When Col. Guy Johnson evacuated the Mohawk Valley and moved westwardly to Ontario, thence to Oswego, and later to Montreal, he was accompanied by Brant, and a portion at least of the Mohawk warriors.

One account contains the following: "Colonel Johnson arrived in Montreal July 14th, 1775, accompanied by joseph Brant with two hundred and twenty Indians, by way of Lake Ontario, expecting soon to organize a force sufficient to return and take possession of the homes and property he and his retainers had left behind. But failing in these endeavours, and finding his official standing and powers were interfered with to some extent by the appointment of Major Campbell as Indian Agent for Canada, Colonel Johnson decided to go to England to get the question of his powers and jurisdiction settled." At Montreal he appears to have met Generals Carleton and Haldimand, who courted the services of himself and followers, and soon induced them to join the standard of the King. "For the prosecution of a border warfare, the officers of the Crown could scarcely have engaged a more valuable auxiliary."

In the 11th of November, 1775, Colonel Johnson sailed from Quebec on a visit to England; he was accompanied by Joseph Brant and a Mohawk war chief, named Oteroughyanente. Brant was much noticed and courted in London, and made a speech before Lord george Germain, setting forth the grievances of the Six Nations in general, and of the Mohawks , his own nation in particular; to which Lord Germain made a brief reply. This speech, which is the first of Brant's we have on record, seems to have been delivered in London, March, 1776.

It is not known whether the chief visited the Indian country of the Six Nations during the summer previous to his journey to the English capital, in company with Colonel Johnson. The precise object of that journey is also enshrouded in uncertainty; many speculations have been indulged in by different writers concerning the matter, but none have been able to arrive at any important conclusion. That he went to England is, however, beyond cavil.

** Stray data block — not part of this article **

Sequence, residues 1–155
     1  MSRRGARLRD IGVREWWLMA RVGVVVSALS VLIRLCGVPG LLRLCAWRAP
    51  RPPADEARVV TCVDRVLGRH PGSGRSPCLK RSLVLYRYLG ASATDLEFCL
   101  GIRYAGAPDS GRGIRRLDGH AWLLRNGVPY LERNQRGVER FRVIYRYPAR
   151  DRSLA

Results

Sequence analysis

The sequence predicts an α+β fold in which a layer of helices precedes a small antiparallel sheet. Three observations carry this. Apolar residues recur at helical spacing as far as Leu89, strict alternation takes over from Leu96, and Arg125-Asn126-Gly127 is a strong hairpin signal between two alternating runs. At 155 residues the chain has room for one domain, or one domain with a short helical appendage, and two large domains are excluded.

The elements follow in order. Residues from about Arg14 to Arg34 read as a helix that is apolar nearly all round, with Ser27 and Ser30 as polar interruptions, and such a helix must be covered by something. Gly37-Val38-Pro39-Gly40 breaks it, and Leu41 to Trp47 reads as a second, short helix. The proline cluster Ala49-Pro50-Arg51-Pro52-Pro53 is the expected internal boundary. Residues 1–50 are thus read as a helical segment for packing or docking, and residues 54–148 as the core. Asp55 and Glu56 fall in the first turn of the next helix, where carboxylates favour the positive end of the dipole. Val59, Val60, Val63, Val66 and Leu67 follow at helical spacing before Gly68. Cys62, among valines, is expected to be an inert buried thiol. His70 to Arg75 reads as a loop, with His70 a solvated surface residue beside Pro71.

There are several incidents recorded, here and there, in connection with this first London sojourn, which illustrate the character of the brave old chief; and as some of these seem to be in order here, they are introduced without further explanation.

"He had but little of the savage ferocity of his people in his countenance, and when, as he ordinarily did, he wore the European dress, there was nothing besides his colour to mark wherein he differed from other men. Upon his first arrival in London, he was conducted to the inn called 'The Swan with Two Necks.' Other lodgings were soon provided which were more suitable to his rank as an Indian king; but he said the people of the inn had treated him with so much kindness, that he preferred to remain there during his stay in London, and he accordingly did so."